4. Don't forget users use Instagram's search function
Barna-Stern said that the expansion of the Explore tab and Trending tab underlines how people use Instagram as a search tool. Discovery is important as users both casually and deliberately seek out new accounts to follow or posts to look at.
Plus, unlike Facebook and Twitter, Instagram doesn't have a built-in "re-gram" function (like a retweet or a share) that would make it easier to break into new audiences.
5. Don't over complicate your images
"Some of the best shots on Instagram are these simple, beautifully composed shots," Barna-Stern said.
Instagram is about the visuals, so make sure they're strong and compelling, not cluttered with ad copy, or so buried in filters that they lose their value or authenticity.
6. Don't be too self-promotional
"If you're going to feature your brand, do it subtly," Sutter said.
She said one of the reasons people like Instagram is because it doesn't feel overly commercial. Keep that in mind. People will unfollow you if they think you're selling them too hard.
Sutter cited Tesla as a good example of a brand that does feature its product, but also provides plenty of visual value — yes, you're looking at a bunch of Tesla cars, but the images are extremely attractive, showing the cars in different scenic locations. Or, there's the photo of the car with the vanity plate that reads "LOL OIL."
7. Do think about how regular users use Instagram
We make fun of Instagram pics of food. But we still post them, and we still like them.
"There's a reason they're so popular. They're relatable and everybody likes to eat," Barna-Stern said.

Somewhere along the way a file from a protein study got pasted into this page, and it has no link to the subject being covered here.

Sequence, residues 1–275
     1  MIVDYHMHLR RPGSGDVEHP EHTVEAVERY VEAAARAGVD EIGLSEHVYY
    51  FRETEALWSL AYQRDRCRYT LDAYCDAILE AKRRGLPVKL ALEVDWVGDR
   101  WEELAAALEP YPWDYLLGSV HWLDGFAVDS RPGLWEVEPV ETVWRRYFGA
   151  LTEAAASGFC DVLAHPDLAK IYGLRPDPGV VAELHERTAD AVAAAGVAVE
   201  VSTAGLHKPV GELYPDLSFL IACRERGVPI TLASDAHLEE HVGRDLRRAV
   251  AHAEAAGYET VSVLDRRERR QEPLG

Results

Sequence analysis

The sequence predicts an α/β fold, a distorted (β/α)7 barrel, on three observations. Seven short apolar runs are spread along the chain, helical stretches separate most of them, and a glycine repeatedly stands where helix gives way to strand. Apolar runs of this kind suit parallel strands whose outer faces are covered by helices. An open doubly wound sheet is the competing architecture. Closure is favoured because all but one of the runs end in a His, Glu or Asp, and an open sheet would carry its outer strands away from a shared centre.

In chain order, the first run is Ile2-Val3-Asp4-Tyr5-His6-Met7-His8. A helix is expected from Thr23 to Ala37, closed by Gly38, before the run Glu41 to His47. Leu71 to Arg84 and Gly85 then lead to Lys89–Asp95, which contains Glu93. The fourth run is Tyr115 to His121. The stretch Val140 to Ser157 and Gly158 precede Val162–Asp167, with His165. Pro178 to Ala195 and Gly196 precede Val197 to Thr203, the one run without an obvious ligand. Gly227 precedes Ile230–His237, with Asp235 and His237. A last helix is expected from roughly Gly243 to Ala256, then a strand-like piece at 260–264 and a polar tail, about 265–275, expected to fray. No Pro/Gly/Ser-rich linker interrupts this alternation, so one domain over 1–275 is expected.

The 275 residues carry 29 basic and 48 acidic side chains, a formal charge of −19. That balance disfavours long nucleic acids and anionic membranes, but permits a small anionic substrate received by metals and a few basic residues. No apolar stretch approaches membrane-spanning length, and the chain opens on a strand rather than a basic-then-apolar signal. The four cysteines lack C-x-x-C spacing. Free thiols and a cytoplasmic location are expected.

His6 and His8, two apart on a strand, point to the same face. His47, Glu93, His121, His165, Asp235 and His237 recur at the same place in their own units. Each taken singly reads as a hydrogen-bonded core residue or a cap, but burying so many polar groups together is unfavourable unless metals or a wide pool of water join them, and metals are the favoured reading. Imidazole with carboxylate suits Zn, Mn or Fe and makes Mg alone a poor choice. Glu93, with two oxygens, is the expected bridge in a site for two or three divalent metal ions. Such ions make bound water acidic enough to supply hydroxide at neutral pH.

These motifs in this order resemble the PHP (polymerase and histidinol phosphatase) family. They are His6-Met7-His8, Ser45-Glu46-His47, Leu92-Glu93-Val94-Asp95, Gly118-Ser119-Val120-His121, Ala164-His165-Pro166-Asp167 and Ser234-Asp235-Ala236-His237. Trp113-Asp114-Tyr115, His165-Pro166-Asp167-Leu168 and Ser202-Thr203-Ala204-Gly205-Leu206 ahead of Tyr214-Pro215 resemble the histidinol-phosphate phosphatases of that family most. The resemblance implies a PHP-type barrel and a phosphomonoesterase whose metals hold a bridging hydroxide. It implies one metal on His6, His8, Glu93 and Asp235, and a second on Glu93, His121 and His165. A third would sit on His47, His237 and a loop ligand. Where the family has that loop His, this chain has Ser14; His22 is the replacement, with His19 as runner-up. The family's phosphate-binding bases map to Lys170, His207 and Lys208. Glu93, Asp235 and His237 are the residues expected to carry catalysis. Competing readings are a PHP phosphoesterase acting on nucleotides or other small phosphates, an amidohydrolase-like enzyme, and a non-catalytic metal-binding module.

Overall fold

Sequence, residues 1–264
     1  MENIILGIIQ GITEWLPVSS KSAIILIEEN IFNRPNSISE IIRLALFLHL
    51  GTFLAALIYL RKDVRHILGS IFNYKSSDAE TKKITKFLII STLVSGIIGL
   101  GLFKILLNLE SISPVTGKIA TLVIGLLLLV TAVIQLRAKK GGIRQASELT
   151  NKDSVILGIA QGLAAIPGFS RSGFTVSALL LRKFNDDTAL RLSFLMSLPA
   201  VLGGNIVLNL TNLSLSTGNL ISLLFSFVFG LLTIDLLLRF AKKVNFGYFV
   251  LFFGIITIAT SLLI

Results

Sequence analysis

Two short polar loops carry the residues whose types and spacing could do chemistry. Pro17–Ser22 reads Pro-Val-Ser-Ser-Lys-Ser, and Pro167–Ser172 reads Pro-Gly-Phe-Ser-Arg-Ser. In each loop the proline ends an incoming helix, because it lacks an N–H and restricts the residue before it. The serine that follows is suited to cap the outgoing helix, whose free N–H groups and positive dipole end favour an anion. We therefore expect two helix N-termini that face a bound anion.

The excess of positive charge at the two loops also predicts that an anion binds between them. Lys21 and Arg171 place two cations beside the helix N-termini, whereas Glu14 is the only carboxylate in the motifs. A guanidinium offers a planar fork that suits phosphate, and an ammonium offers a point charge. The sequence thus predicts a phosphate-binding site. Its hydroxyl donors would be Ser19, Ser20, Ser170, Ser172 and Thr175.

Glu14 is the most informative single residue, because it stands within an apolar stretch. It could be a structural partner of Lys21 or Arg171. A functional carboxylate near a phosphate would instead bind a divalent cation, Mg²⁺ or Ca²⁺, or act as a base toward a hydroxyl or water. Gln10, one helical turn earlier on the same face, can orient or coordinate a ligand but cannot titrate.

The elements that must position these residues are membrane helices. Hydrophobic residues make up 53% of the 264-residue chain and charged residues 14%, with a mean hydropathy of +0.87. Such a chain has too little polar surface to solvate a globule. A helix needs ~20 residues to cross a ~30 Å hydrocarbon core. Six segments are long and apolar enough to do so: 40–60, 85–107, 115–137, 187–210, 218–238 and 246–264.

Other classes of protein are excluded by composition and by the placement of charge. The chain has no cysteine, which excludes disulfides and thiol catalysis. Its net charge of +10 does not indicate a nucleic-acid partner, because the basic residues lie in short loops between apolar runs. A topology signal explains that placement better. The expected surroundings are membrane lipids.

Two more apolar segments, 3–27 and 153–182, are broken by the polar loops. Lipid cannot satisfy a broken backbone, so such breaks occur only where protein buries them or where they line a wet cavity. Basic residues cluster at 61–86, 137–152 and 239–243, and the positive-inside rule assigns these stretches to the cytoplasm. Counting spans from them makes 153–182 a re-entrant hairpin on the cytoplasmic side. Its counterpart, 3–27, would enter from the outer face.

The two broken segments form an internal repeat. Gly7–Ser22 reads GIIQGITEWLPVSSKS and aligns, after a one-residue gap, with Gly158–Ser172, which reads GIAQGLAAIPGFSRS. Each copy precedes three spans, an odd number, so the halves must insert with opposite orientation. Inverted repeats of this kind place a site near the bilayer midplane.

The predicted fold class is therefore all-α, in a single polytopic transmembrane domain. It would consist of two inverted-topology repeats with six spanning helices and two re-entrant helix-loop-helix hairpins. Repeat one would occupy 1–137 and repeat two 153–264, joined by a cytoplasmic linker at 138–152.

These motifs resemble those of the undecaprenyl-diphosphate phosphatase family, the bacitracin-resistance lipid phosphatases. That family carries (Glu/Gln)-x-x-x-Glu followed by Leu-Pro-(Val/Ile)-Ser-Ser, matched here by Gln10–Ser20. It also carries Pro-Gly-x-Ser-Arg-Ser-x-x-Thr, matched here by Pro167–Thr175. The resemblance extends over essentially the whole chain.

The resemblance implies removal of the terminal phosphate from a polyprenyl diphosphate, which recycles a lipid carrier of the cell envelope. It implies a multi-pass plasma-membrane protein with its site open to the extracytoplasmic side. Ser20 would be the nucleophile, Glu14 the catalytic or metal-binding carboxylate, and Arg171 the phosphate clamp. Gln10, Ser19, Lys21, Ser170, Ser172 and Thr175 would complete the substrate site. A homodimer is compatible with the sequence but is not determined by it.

Sutter gave the example of the Starwood Preferred Guest account, which has also been one of the first advertisers on Instagram.
"It's hotel shots, and beach shots, and pool shots that I would put on there," she said. And that's a good thing.
That's exactly the kind of vibe that would make an average user want to invite a brand into their feed alongside friends, family, and whoever else.
"Use Instagram like users use Instagram," said Barrett, "Instagram is an ongoing collection of little moments that tell one long story. Don't sell too hard. Be beautiful and aspirational and emotional and sometimes even nostalgic."
Airbnb does this really well. Their posts of Airbnb spaces around the world feel like the kinds of pictures someone you know might post while traveling — and many of them are.
8. Do consider user-generated content
That brings us to another point — don't forget that user-generated content can help bolster your account. Instagram offers the opportunity for fairly direct interaction with consumers, Sutter said. People will tag brands, and brands are wise to pay attention to that.
If you take a look at the captions of those Airbnb pics, you'll often see a photo credit linking back to a regular user. Often, the way they found those photos was through a mention or hashtag. And, if you dig for those pics on their original Instagram account, you'll see Airbnb asked permission to use it before doing so.
Erin Carson has nothing to disclose. She doesn't hold investments in the technology companies she covers.
Erin Carson is a Staff Reporter for CNET and a former Multimedia Editor for TechRepublic.